Saturday, October 21, 2006

Out of the mouths of babes

A conversation between son number 3 (4-years-old) and daughter number 1 (17):

S-3: Will we still be here [in our house] when we go to heaven?

D-1: No, we'll be in heaven.

S-3: You mean with Jesus?

D-1: Yes.

S-3: [Emits gasp of great excitement] Can we bring our light sabres?

Reuterville's misleading again

Reuters today published a story about Pope Benedict's speech at the Lateran opening the academic year. Here's a quote from the story as it appeared in the Khaleej Times Online:
Like his predecessor Pope John Paul II, Benedict is against stem cell technology, which researchers say could help cure serious illnesses but the Church opposes it because it often relies on cells from embryo tissue.
This, of course, is nonsense. Benedict doesn't oppose all stem cell technology, only that which comes from embryonic stem cells. Notice the set-up -- bad pope ("Benedict is against stem cell technology") vs. good scientists ("which researchers say could help cure serious illnesses").

And then comes this zinger:
The Vatican teaches that human life begins at conception.
As if the Vatican made that up all by themselves. They totally discount the fact that human embryologists, those scientists whose study is solely the human embryo, have established their own scientific nomenclature and teach "that human life begins at conception," i.e. fertilization, when the sperm penetrates the egg. (It strikes me, though, that the reason they probably discount it is that they most likely don't know it because they haven't taken the time to ask human embryologists about it.)

Whoever wrote this is being deliberately misleading. How like Reuters.

Tuesday, October 17, 2006

Home Is the Soldier From War

Here's another one from my daughter's collection. She wrote this last year when my father died and then gave it to my wife's family when my father-in-law died.

Home Is the Soldier From War

Home is the soldier, home from war.
Hard was his fight, now it is o’er
Well was it fought, now he is resting.
Now at peace, God he is praising.
He will suffer no more.
Home is the soldier from war.

Home is the soldier, home from war.
Happier than ever before,
buried with honor and our love,
he is resting with God above.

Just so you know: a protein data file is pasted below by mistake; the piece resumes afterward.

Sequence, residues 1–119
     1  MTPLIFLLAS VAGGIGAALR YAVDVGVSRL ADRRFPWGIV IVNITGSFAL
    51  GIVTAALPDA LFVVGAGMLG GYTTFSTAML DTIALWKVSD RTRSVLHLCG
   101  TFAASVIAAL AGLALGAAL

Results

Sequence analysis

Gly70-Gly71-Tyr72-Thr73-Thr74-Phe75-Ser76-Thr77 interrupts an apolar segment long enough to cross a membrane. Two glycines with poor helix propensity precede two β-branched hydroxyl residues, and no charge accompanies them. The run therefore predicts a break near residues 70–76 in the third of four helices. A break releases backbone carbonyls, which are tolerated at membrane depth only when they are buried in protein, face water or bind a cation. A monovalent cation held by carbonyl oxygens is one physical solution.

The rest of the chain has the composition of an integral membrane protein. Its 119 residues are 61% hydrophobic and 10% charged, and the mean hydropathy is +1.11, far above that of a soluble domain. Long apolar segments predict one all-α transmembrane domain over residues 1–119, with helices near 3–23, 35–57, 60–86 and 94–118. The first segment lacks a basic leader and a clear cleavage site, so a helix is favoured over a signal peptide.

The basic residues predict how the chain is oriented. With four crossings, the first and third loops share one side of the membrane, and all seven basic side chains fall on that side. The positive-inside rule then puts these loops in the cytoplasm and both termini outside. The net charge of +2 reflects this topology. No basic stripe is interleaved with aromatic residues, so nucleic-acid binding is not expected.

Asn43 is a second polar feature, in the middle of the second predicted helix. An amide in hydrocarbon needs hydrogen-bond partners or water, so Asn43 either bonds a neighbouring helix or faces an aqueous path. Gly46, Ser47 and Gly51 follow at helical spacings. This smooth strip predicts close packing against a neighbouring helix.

Sorrow he knows no more.
Home is the soldier from war.

Home is the soldier, home from war.
The flag of his country flies o’er,
o’er the grave where he is sleeping.
He served that flag without resting.
Now his fighting is o’er
Home is the soldier from war.

He has fought the good fight.
He has finished the race.
Now in eternal light,
he sees God face to face.
His exile is o’er.
Home is the soldier from war.

By: Regina M. Szyszkiewicz

Daddy the wasp killer

This was written by my daughter for my birthday a couple of years ago. I've been meaning to post it and am only now getting around to it.

It originated from an incident in a bathroom. A wasp appeared there and I was called to take care of it. As I got the swatter, I said to my daughter, "Daddy, the wasp killer, huh?" Well, that was all her poet's mind needed to get her going...

Daddy the Wasp Killer

Armed for the deadly combat,
Daddy firmly grasped the swatter.
Under his breath he muttered, “drat,”
Daddy, the deadly wasp killer.

From behind the bathroom door,
came a “buzz” from the buzzing fighter.
Daddy looked fiercer than before.
Daddy, the dreaded wasp killer.

He swung that door open wide,
(louder buzzed the buzzing fighter)
and crossed the floor with one stride.
Daddy, the fearsome wasp killer.

Then with a “crash,” “bang,” “wack,” “swat,”
Daddy wielded the swatter.
Daddy’s fury was boiling hot.
Daddy, the awful wasp killer.

Then, victory for Daddy!
He had killed the buzzing fighter!
From the bathroom, triumphantly,
came Daddy the wasp killer.

By: Regina M. Szyszkiewicz